Dear Leader’s Exiled Son Surfaces in Macau

Chosun ilbo

A man presumed to be North Korean leader Kim Jong-il’s eldest son Kim Jong-nam appeared in Macau on Tuesday, the Yomiuri Shimbun reported. A South Korean government official confirmed the report on Wednesday. It seems Kim Jong-nam has not been allowed to return to North Korea and been wandering the globe for six years.

Once heir apparent of the North Korean leader, Kim Jong-nam first grabbed international headlines when he was caught trying to enter Japan on a fake passport with his wife and son in May 2001. The reasons for his departure from North Korea are unclear. According to former high-ranking North Korean officials who defected, Kim junior was branded a traitor to the revolution by his father after he talked about a Chinese-style reform and opening policy at a private gathering in 2000. They say he was forced to leave the country over a power struggle with his stepmother Ko Young-hee, the mother of his younger half-brothers Jong-chul and Jung-woon.

Since then, he has reportedly been staying in China. He was spotted at expensive restaurants in Beijing several times in January last year. Kim contacted an ethnic Chinese trader who was arrested on charges of espionage in South Korea in April 2006, a government official said. He gets along with members of the so-called Taizidang or princes’ club comprising children of prominent Chinese leaders like former president Jiang Zemin.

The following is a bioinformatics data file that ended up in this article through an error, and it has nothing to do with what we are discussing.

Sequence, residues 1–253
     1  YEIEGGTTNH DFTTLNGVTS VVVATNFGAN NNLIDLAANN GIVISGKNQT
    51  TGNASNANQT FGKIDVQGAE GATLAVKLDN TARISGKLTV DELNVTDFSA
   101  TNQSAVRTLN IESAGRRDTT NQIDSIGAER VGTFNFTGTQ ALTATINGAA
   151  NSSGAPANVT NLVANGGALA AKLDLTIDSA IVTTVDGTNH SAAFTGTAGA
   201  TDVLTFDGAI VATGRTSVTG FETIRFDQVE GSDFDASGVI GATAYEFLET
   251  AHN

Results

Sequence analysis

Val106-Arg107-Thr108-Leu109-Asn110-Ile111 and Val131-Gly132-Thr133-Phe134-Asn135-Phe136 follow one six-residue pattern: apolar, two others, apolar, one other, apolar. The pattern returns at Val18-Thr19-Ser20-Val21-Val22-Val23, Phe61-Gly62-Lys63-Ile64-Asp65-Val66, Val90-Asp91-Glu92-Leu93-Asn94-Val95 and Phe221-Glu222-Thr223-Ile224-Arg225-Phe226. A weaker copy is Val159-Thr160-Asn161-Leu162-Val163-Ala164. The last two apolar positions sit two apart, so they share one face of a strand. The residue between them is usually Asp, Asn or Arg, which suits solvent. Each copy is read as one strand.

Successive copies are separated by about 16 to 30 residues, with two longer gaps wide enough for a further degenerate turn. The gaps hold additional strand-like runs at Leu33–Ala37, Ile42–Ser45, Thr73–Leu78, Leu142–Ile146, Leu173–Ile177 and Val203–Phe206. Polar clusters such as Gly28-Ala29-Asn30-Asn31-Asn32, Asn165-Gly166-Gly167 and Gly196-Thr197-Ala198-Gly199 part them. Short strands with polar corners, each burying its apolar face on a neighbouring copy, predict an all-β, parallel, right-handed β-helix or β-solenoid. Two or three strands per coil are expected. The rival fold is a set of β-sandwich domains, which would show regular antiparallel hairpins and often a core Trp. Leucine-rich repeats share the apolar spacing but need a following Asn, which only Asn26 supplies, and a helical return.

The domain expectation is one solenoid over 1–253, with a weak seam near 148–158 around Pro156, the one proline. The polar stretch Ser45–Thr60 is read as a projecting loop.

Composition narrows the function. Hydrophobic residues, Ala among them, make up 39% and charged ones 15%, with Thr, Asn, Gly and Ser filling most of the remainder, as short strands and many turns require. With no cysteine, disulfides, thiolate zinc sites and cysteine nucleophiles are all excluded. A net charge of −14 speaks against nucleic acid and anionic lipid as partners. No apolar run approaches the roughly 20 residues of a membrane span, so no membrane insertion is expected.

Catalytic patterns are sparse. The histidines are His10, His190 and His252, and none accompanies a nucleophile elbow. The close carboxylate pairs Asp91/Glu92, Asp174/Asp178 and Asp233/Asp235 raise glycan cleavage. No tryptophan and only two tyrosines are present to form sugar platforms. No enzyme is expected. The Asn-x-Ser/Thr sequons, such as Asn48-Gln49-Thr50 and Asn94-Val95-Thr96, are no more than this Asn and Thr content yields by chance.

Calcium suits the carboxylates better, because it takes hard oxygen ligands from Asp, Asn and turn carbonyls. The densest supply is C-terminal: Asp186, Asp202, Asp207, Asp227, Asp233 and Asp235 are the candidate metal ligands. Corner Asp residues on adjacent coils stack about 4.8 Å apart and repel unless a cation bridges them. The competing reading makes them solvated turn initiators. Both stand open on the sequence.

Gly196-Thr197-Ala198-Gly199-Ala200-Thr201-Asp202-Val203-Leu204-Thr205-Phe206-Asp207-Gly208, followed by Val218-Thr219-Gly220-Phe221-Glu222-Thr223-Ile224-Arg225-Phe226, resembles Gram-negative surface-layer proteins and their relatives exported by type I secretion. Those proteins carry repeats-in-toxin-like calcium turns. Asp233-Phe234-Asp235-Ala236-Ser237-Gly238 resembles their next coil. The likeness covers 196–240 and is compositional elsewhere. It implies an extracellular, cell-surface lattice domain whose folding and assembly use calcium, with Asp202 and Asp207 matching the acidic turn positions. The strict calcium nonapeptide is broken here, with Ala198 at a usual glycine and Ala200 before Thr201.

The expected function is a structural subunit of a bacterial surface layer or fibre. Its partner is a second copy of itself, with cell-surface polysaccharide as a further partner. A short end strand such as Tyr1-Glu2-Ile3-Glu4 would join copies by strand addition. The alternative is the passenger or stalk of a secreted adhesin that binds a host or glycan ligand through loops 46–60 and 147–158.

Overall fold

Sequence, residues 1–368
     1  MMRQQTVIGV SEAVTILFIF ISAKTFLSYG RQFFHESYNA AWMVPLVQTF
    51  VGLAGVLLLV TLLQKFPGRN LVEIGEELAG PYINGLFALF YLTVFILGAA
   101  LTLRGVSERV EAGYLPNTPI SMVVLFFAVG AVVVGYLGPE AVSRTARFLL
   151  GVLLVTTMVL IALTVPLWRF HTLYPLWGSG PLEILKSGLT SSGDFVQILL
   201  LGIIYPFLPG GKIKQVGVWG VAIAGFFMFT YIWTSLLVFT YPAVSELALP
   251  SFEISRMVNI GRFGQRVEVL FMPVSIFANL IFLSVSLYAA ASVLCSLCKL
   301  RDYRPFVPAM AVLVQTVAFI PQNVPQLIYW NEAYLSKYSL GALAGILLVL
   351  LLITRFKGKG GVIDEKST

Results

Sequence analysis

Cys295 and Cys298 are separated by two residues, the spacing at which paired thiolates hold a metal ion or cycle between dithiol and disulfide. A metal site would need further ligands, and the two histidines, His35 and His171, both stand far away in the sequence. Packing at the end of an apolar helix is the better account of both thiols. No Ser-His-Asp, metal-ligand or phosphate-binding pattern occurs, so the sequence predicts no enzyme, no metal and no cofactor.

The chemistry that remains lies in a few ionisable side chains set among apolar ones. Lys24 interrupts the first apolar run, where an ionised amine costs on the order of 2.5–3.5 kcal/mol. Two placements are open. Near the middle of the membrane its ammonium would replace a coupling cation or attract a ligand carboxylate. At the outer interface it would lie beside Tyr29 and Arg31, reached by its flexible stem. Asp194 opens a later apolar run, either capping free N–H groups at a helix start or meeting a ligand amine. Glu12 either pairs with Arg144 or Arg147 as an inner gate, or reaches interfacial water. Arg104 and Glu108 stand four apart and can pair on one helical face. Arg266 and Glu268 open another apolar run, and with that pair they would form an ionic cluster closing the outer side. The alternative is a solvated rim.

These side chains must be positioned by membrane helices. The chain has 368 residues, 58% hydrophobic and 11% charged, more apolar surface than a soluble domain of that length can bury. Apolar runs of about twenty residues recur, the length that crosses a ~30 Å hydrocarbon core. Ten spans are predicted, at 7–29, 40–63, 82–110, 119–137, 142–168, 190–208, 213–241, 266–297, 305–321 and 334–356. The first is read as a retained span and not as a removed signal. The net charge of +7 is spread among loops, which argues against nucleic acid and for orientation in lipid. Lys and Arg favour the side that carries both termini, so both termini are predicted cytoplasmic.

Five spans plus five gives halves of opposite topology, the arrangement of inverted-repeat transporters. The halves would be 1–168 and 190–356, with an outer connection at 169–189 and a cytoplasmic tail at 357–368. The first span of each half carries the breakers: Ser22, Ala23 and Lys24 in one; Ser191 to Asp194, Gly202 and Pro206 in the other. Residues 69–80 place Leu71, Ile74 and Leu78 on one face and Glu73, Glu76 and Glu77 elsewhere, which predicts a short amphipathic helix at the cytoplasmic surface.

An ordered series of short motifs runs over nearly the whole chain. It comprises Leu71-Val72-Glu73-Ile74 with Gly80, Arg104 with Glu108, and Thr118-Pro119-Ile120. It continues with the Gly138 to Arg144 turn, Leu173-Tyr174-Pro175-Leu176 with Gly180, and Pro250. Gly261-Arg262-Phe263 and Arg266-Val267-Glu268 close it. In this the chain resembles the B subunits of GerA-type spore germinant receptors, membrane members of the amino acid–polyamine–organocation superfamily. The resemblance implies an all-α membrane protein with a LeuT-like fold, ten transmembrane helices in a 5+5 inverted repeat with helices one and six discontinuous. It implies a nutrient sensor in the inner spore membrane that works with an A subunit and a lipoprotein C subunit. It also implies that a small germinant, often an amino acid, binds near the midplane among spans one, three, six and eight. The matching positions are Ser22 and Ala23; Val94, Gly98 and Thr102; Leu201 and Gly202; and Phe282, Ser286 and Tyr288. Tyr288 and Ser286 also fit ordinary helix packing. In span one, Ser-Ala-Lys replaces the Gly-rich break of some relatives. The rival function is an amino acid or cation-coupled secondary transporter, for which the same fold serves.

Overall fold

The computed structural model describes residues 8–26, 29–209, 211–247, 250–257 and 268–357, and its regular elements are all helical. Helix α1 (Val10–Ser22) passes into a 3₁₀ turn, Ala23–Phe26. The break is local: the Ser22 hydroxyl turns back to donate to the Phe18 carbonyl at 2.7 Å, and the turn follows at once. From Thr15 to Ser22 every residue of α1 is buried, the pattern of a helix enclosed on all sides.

Kim is said to have made money from a trade business, which he set up with the Taizidang group. He has shown interest in the IT sector since his Pyongyang days and now is in touch with IT experts he met when he visited Hong Kong and Macau to gather information. Despite being a stateless refugee, Kim does not appear restrained either socially or financially.

Analysts say China does not treat him as an unwelcome guest. Kim Jong-nam tried to return to Pyongyang after his stepmother died in June 2004, but to no avail. Security strategy specialist Lee Ki-dong says anti-Kim Jong-nam forces remain strong in North Korea, adding the fact that Kim junior has not returned proves that the North’s succession structure remains unstable.


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